Theater’s Life Expectancy in a Digital Age
What is the future of theater in a digital era? Who knows! But let’s dive in and perhaps we can parse this out together.
Harvard magazine posted an article a few years ago titled, The Future of Theater: In a digital era, is the play still the thing? Written by Craig Lambert, this lengthy article is definitely worth the read. Lambert talks with established theater artists regarding where theater is heading and how the digital revolution is impacting how many people fill the seats.
Lambert states, “Electronic and digital technologies have spawned an array of media, from 3-D movies to crowd-sourced video like YouTube to smartphones, that compete with the stage (and with other traditional media like books, and each other) for the audience’s finite attention.” A lot of people are not going to the theater simply because they’re not interested. They’re more than happy with the endless amount of entertainment that they have in the palm of their hands that’s easier and cheaper to access than sitting in a theater for a few hours.
Why is this the case? Some of my fellow subscribers (represent!) may not even read this post simply because its about theater. In a lot of ways, theater is the antithesis to excessive technology consumption. So why do so many people choose the latter?
Because of budget cuts to the National Endowment of the Arts, many young playwrights are looking at careers in writing for television because that’s where the money is. Because of the lack of money, a lot of theaters are aiming towards market appeal in order to fill the seats, which means less experimental, perhaps more thought-provoking work. But Lambert explains that theater, in its nature as an artistic medium, cannot rely solely on the marketplace.
Robert Brustein, founding director of the American Repertory Theater states in the article, “We have a theater that’s indistinguishable from Wal-Mart—just products to be bought. There is no organic quality to it—just something to consume and throw away, with no enduring aftertaste.”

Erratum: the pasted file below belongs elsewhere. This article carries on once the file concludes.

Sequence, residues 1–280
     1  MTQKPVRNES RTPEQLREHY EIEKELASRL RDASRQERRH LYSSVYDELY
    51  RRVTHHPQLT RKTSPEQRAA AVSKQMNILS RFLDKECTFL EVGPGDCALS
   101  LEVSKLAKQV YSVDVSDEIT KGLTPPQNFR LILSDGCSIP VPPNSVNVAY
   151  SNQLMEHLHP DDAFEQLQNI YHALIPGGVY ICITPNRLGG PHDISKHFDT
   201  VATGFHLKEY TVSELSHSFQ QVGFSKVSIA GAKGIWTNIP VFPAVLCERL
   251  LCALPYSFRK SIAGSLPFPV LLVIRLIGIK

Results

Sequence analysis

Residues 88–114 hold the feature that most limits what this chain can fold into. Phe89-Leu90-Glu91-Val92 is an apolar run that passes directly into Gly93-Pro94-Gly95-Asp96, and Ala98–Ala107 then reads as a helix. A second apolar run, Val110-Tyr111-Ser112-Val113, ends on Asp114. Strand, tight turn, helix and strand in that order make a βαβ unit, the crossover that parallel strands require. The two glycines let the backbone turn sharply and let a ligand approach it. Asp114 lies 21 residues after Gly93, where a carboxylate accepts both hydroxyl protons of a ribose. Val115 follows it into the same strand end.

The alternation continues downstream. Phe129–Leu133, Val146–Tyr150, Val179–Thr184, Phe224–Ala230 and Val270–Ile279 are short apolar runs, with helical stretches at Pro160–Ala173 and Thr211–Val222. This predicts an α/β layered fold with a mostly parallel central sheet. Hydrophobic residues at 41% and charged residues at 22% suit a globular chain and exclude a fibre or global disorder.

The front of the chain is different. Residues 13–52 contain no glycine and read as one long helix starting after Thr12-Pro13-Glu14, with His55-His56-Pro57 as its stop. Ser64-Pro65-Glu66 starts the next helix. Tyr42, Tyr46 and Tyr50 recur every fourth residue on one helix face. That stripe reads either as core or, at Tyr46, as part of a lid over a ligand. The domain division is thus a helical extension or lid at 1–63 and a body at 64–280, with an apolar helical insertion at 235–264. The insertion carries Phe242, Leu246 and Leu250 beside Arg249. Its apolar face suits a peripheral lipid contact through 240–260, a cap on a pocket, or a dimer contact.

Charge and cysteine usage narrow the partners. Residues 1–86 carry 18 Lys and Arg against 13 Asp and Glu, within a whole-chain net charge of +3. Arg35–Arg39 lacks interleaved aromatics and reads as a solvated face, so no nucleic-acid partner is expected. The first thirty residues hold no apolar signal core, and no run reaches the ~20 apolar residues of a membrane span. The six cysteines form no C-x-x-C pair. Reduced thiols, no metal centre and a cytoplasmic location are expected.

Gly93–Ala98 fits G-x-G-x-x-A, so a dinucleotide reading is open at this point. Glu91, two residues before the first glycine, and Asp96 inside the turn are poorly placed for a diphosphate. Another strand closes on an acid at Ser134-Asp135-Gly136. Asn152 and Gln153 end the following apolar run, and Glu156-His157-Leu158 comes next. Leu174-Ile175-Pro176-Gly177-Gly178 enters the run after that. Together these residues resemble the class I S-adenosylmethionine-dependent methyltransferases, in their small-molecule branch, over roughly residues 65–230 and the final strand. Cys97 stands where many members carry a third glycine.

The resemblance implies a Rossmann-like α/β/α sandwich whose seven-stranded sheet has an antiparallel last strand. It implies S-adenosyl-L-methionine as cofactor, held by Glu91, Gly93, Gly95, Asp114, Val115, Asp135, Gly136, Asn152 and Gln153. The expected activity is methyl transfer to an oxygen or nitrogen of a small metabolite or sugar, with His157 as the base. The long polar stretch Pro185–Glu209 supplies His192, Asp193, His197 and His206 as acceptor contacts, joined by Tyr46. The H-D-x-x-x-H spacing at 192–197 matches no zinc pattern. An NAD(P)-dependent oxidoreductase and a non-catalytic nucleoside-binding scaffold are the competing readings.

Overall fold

André Gregory, an influential theater practitioner, states, “Broadway isn’t theater. That’s show business.” He comments that Broadway is, “passive theater that doesn’t force you or seduce you or charm you into asking questions, that tells you what to look at onstage” instead of “active theater that demands you to ask serious, challenging questions of your own life, the culture, and society we live in.” And Lambert questions if there is an audience for this type of “active theater.”
I suppose that’s the big question moving forward as technology continues to advance: what is theater exactly and how do we make it more of a relatable experience to society? Despite criticisms of Broadway, it’s filling seats and making a lot of money, as far as making money in theater goes. But is it impacting people the way we want it to impact people?
This makes me think that theater is indeed a slippery slope. As theater is about human beings and the human experience (also known as life), it’s going to mean something different to everyone. Some people want to go to the theater, watch a couple dance numbers, leave in a better mood, call it a night, and forget about it the next day. Others want to laugh their pants off. And others want to leave the theater thinking and pondering life’s biggest questions. All of those forms have their place in the theatrical world and it’s up to the theater practitioner or the theater goer to decide which one floats their boat.
As a theater practitioner myself, I am drawn to work that is going to leave an impact on people, that will leave people either feeling great or at least questioning their own lives. What I think is most important, however, is getting across the importance of theater and how it can play a role in each individual’s life.
Anne Bogart, an influential theater director in New York City, has this awesome quote about theater and how it relates to the world and our relationships with one another:
“To create significant change in one’s perception of the world, it is necessary to engage in emotional journeys of empathy and narrative that help us to participate in the world with others.”
And this, my friends, is why theater is so important in a technological age that can sometimes seem like it’s tearing us apart.
Let me know what you think. If you’re a theater person, do you agree? And, most importantly, if you aren’t a theater person (don’t care much, or are very indifferent to the art form), comment below and tell me why not. It will give us insights.